Now it is a good service done to religion, to endeavour, both by life and doctrine, to rescue it from these abuses, from being thought to consist in such outward shows; and to place the kingdom of God where it should be. It is for the interest of the " pure and undefiled religion," and for the advancement of real holiness, to lessen the credit of such appearances, viz. such a habit, tone, form of words, mere outward performances; to lessen the repute of any sort of mock-holiness, a mere outward profession and observance of only the externals of religion; be they such as are commanded and appointed by God, or be they mere arbitrary and voluntary tasks; which have a show of wisdom and holiness, but indeed are a holiness of their own framing, and a self-chosen righte
Yet, this is not spoken to lessen the repute of what is external, with a design to make men regardless thereof; but only to awaken them from resting in these externals, to the minding of a greater strictness and holiness, a "righteousness" which "exceeds the righteousness of the Scribes and Pharisees :" who were men that were very
2 Tim. iii. 2, 3, 4.
James i. 27.
b Matt. v. 20.
observant of many of the outward parts of religion, and were strict as to several things that did not cross and prejudice their carnal interests; but yet notoriously loose as to what was most strictly and mainly required by God: and therefore our Saviour required his disciples to beware of strengthening that Babel, that false imaginary holiness of the Pharisees; who, by their specious appearances of austerity, and the like, grew into a great, reputation among the people, as if there were much of religion in them.
Among the externals of religion, some are of God's own requiring, and suitable to our state and condition here; as praying, reading, preaching, hearing the word, discoursing of it, &c. As for these, not to mention such as men do voluntarily impose upon themselves, we are not to value men as religious by any thing in the use of them which is common to the regenerate and unregenerate, and may be performed and attained to by the hypocrite or formal Christian; who may "make a fair show in the flesh" and outward part of religion, and yet be unacquainted with the spirit and power of it.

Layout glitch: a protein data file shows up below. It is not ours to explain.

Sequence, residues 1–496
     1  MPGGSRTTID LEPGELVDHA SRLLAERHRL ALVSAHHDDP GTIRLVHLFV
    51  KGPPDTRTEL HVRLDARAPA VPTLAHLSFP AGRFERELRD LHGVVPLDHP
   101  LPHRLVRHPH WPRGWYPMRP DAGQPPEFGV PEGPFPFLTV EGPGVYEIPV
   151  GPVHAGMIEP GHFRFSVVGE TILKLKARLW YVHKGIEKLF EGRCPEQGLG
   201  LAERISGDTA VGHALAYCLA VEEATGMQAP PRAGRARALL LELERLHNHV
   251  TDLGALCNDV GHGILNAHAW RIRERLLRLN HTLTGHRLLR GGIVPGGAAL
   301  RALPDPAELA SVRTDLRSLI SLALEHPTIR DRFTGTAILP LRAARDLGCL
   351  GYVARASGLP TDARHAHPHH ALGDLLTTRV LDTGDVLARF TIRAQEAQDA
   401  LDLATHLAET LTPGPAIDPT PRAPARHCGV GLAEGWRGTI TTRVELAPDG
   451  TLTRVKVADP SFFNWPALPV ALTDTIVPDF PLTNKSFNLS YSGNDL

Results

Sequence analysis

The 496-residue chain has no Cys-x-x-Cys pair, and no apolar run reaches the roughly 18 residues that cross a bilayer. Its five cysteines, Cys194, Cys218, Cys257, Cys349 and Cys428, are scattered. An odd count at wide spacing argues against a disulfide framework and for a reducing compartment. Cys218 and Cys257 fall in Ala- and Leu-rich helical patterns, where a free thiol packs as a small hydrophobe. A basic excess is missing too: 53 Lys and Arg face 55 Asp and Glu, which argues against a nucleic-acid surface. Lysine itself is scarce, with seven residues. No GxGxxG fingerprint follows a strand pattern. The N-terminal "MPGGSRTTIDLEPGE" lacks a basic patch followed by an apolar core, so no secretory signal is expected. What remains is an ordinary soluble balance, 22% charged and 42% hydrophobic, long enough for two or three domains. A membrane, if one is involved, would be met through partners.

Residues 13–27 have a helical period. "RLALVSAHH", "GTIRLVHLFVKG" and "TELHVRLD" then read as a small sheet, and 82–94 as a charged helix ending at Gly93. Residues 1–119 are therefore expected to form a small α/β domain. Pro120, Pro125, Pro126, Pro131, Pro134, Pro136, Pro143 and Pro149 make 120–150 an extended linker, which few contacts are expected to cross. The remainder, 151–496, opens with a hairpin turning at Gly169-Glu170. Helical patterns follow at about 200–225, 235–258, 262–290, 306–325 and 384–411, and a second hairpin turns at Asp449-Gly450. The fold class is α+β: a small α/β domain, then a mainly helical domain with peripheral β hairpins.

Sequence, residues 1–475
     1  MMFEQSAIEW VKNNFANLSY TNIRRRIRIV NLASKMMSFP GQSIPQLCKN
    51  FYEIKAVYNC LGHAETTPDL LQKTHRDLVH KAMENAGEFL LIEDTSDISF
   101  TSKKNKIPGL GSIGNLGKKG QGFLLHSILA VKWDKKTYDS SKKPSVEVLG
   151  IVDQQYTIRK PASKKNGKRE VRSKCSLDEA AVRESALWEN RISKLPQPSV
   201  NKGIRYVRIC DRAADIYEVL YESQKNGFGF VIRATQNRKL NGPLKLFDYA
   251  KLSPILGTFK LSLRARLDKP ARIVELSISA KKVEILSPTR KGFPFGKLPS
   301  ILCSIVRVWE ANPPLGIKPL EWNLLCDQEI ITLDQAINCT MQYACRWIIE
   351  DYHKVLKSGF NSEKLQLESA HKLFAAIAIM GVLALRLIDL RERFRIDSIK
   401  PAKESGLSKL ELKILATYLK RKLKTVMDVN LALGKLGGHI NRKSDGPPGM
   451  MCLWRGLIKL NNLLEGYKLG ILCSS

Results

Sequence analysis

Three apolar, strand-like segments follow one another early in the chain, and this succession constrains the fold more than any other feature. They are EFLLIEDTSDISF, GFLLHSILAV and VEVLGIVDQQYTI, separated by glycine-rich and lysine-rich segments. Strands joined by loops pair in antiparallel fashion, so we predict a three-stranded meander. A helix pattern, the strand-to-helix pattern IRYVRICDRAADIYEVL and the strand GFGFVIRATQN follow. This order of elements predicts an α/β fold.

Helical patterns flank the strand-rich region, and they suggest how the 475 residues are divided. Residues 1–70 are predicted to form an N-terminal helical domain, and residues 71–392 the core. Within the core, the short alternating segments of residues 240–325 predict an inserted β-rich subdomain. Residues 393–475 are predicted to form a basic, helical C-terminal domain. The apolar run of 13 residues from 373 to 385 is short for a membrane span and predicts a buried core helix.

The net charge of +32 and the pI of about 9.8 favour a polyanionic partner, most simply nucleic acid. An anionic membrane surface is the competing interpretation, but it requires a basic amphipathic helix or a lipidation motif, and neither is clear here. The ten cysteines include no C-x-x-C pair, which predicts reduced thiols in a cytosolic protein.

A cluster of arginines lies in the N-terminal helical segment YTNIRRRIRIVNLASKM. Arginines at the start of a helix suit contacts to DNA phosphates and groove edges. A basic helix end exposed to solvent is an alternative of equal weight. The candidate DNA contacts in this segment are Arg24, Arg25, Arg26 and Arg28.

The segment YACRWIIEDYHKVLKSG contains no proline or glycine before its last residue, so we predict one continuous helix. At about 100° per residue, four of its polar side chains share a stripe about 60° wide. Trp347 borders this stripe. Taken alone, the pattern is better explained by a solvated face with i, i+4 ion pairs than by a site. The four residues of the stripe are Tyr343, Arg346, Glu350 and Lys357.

That which is all in all, is the doing these things from a resigned heart: so to pray, as in praying to have a humble submission to the will of God; so to read, so to preach, so to hear, as to be willing to be formed into all that truth, "the good and acceptable will of God:" this is that which doth distinguish the formal and real Christian. Others can perform all that is outward in religion; and in such a way as to have the praise of men:
* Matt. vi.
b Gal. vi. 12.
c Rom. xii. 2.
but to deny ourselves, to resign our wills entirely to the divine will; this is proper and peculiar to the inward and sincere Christian.
That self-resignation is the most acceptable way of glorifying God : and that he is honoured by no performances separated from this. SELF-RESIGNATION, and a conformity to the divine will, is the most excellent, the truest and most. acceptable way of glorifying God, and doing honour to him.
The greatest honour and respect we can express to an excellent and worthy person, is to endeavour to be as like him as may be; to imitate him in whatsoever accomplishment commends and represents him justly exemplary. And the most excellent way of honouring God, is to endeavour to be transformed into his likeness; to have our will the same with his, to will as he wills.
Indeed, the mere outward Christian thinks, that he doth God great honour and service, when he gives him the fruit of his lips in goodly expressions, and specious praises; when he gives him the fruit of a bodily worship, in multiplying external devotions and religious observances hereby he thinks he doth highly please God, and oblige him to him; as if God were such a one as himself, and were apt to be taken with such words and shows, and did seek and passionately thirst after such praises and respects.